Are you — or someone you know — going through a transitional period in life?
A lot of folks are being thrust into changes due to the following conditions:
- job layoff
- empty nest
- care-giving change
- “Act Two” in their life
- seeking more purpose
Some of these changes are sudden, and quick action is needed. Others have the luxury of contemplation, although this has its own double-edged sword. You can ponder something too long — second-guessing every possible outcome.
There’s no question these defining moments in life call for careful examination. At times, you don’t know where to turn.
It’s an inside job
It’s always a good idea to go inside and listen. Too often, we’re caught up in the noise of the outside world and what we “should” do. If this change has been sudden, there are likely emotions such as fear, sadness and anger that can get in the way of thinking clearly.
An external force outside your control may have caused a quick change in your life, so it’s natural to feel these emotions. Even if you learn much later that this shift actually worked out in your best interests, it’s pretty hard to see that when you’re in the midst of a crisis. You may just feel like lashing out — or numbing out.
On the other hand, your change may be providing you with additional bandwidth to spend more time on things that really matter to you. While this is exciting, it can also be daunting.
As human beings, we’re generally creatures of habit, and we’re not quick to welcome change. Breaking from our routines can present quite a challenge.
Living life on purpose
One thing’s for certain — we all need purpose in our lives. And that can change over time.
I’ve run across three books lately that could be helpful resources if you’re pondering your purpose:
- “Callings: Finding and Following an Authentic Life,” by Gregg Levoy
- “True Purpose,” by Tim Kelley
- “Thrive in Retirement,” by Eric Thurman
Author Levoy asked some probing questions while researching his book — and offers signs for examination. “How do you know if it’s a true call?” “How do you know whether the call comes from soul/God/passion or whether it comes from ego/wishful thinking/the desire for financial security/the desire to show the bastards?”
The responses people gave Levoy were extremely consistent.
Signs a calling is true
- It keeps coming back, no matter how much you ignore it. Our passions and callings may be “still small voices,” yet they have staying power.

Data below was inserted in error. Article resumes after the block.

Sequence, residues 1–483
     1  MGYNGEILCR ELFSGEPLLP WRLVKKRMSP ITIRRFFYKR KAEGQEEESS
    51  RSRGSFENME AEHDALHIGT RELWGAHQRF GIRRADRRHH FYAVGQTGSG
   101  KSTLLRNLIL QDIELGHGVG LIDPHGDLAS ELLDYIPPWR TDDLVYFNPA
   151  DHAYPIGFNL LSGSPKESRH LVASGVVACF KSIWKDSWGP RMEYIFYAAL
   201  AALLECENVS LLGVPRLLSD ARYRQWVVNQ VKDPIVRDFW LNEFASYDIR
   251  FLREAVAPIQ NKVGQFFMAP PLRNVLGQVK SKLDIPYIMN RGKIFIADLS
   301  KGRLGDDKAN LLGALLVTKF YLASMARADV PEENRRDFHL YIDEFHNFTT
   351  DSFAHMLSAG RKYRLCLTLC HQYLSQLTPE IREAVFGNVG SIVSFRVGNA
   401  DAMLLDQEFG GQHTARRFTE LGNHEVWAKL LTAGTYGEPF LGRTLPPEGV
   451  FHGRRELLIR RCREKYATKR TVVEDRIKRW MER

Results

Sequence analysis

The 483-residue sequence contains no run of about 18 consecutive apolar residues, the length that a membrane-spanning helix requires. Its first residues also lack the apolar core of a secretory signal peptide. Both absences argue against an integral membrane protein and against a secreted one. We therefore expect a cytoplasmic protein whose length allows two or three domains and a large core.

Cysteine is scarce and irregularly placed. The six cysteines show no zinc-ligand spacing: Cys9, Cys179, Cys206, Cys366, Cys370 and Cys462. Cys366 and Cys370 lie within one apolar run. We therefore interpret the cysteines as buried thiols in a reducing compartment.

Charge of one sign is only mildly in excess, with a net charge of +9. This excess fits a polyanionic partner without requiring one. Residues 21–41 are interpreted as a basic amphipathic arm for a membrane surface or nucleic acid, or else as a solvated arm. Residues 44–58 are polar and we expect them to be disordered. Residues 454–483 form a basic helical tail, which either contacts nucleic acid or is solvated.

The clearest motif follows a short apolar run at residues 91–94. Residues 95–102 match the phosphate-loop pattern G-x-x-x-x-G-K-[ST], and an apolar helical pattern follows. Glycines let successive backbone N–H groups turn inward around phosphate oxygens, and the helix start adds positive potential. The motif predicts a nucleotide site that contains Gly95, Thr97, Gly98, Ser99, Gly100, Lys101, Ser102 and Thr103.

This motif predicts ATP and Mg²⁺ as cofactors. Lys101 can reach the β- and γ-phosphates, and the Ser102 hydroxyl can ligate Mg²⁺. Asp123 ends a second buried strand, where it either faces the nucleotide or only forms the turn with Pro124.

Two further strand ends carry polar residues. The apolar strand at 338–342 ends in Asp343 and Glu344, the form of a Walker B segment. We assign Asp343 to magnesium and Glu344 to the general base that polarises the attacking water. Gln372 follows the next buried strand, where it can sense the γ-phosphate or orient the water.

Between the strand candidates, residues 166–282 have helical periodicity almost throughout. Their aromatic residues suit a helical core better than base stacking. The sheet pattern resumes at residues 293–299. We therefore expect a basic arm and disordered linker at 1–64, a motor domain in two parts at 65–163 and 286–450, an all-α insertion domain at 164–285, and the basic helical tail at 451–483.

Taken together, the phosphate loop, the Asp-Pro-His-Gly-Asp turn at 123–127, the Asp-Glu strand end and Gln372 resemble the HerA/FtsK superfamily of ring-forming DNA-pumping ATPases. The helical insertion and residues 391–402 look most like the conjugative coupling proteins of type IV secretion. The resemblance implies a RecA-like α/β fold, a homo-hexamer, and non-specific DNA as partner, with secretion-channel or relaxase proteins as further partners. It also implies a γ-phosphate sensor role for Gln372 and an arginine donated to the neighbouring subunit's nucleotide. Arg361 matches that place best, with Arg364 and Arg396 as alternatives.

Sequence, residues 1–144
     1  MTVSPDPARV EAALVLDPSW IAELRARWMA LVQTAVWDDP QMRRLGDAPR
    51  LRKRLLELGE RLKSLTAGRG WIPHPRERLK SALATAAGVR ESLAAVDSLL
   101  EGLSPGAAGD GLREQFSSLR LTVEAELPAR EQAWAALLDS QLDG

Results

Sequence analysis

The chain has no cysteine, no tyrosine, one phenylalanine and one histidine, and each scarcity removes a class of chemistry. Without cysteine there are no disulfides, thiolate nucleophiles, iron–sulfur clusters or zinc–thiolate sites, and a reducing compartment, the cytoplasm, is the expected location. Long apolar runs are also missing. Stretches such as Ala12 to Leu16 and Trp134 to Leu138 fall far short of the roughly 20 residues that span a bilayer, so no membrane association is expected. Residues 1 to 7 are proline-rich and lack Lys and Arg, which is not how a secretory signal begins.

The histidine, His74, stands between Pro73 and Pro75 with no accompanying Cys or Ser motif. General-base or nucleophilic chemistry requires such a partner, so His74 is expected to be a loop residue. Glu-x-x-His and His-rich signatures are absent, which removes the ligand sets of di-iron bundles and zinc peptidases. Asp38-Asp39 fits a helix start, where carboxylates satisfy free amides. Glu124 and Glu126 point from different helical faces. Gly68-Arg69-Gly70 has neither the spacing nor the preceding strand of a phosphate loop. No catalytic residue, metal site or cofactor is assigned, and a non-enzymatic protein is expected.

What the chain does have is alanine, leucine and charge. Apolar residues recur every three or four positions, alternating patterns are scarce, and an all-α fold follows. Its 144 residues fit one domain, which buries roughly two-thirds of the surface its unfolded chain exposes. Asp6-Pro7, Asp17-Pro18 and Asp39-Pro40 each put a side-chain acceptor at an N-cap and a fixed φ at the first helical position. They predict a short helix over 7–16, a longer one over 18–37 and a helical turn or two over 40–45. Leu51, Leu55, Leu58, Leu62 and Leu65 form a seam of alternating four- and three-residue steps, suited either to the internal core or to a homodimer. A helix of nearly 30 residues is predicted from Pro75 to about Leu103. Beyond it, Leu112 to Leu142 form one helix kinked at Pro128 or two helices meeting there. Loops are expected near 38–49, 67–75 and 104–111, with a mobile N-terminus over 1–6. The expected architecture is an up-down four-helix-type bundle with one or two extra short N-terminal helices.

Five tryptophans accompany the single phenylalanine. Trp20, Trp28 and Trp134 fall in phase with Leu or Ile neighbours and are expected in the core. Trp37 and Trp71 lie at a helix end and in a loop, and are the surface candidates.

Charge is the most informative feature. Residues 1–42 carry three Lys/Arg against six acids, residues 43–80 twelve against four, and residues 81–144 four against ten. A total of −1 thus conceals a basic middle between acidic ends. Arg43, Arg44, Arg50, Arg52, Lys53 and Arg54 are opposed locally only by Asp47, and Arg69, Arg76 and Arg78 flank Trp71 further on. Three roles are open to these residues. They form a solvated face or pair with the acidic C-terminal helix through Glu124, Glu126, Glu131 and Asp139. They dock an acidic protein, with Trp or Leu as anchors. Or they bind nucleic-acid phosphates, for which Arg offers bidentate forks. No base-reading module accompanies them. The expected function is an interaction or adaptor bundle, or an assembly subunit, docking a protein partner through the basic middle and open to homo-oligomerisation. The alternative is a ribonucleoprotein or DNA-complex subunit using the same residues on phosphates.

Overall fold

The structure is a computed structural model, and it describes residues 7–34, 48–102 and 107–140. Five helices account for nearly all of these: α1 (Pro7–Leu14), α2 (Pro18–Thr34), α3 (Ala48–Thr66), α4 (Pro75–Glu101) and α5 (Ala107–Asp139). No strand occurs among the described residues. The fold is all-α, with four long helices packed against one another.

- A true call tends to come at you from multiple directions — gifts, talents, dreams both day and night, body symptoms, synchronicities, books that come across your radar and the way events and opportunities show up. There’s a clustering effect, and you get to connect the dots.
- It just feels right. You may not be able to explain it; but you can’t deny it, either.
- Your enthusiasm tends to sustain itself over time and doesn’t wane after a few weeks or months. You even feel a kind of affection for all the mundane tasks involved in bringing this passion to fruition. No matter how exalted, every passion or calling has its own version of stuffing envelopes or making cold calls. Anyone who has ever been in a play or a band knows that the amount of time they spend rehearsing compared to performing is something like 90/10. It’s passion that largely explains the willingness to put up with that equation.
- It scares you. Some people even told Levoy that if a calling felt safe, it probably wasn’t the right path. If it scared them, though, it was likely true because it stirred their souls — and meant they were getting close to something vital.
- The truth or falseness of a calling is ultimately in the results. You’ve got to be willing to try it out, experiment with it and to go down the path a little way — even if you’re not sure it’s the right path.
How do you start?
Baby steps can provide signals. Surf the internet for information or go to a library or bookstore and browse.
Take one small step toward an area that you’re passionate about. Sign up for a course or seek an interview with someone in your field of interest. Volunteer.
Look at the feedback life gives you. Does your energy expand or contract? Take another step, and see if you feel more awake or asleep. Another step — what do your dreams at night tell you? Another step — what does your body tell you? Are resources showing up for you — people, opportunities or “coincidences”?
Stop, look and listen
It’s probably better to keep this experimentation to yourself at first. You don’t want other people to dash your dreams prematurely.
This is also something you can do at your own pace. You don’t need to quit your job or move across the country. At least not at first. If the six signs keep coming up for you, though, stop to pay attention.
That could be your soul speaking to you. And it doesn’t take much to feed it. In fact, we tend to drown out our souls in the hustle and bustle of everyday life. So, a few crumbs tossed its way can seem like a loaf.
Will the rest of your life be the best of your life?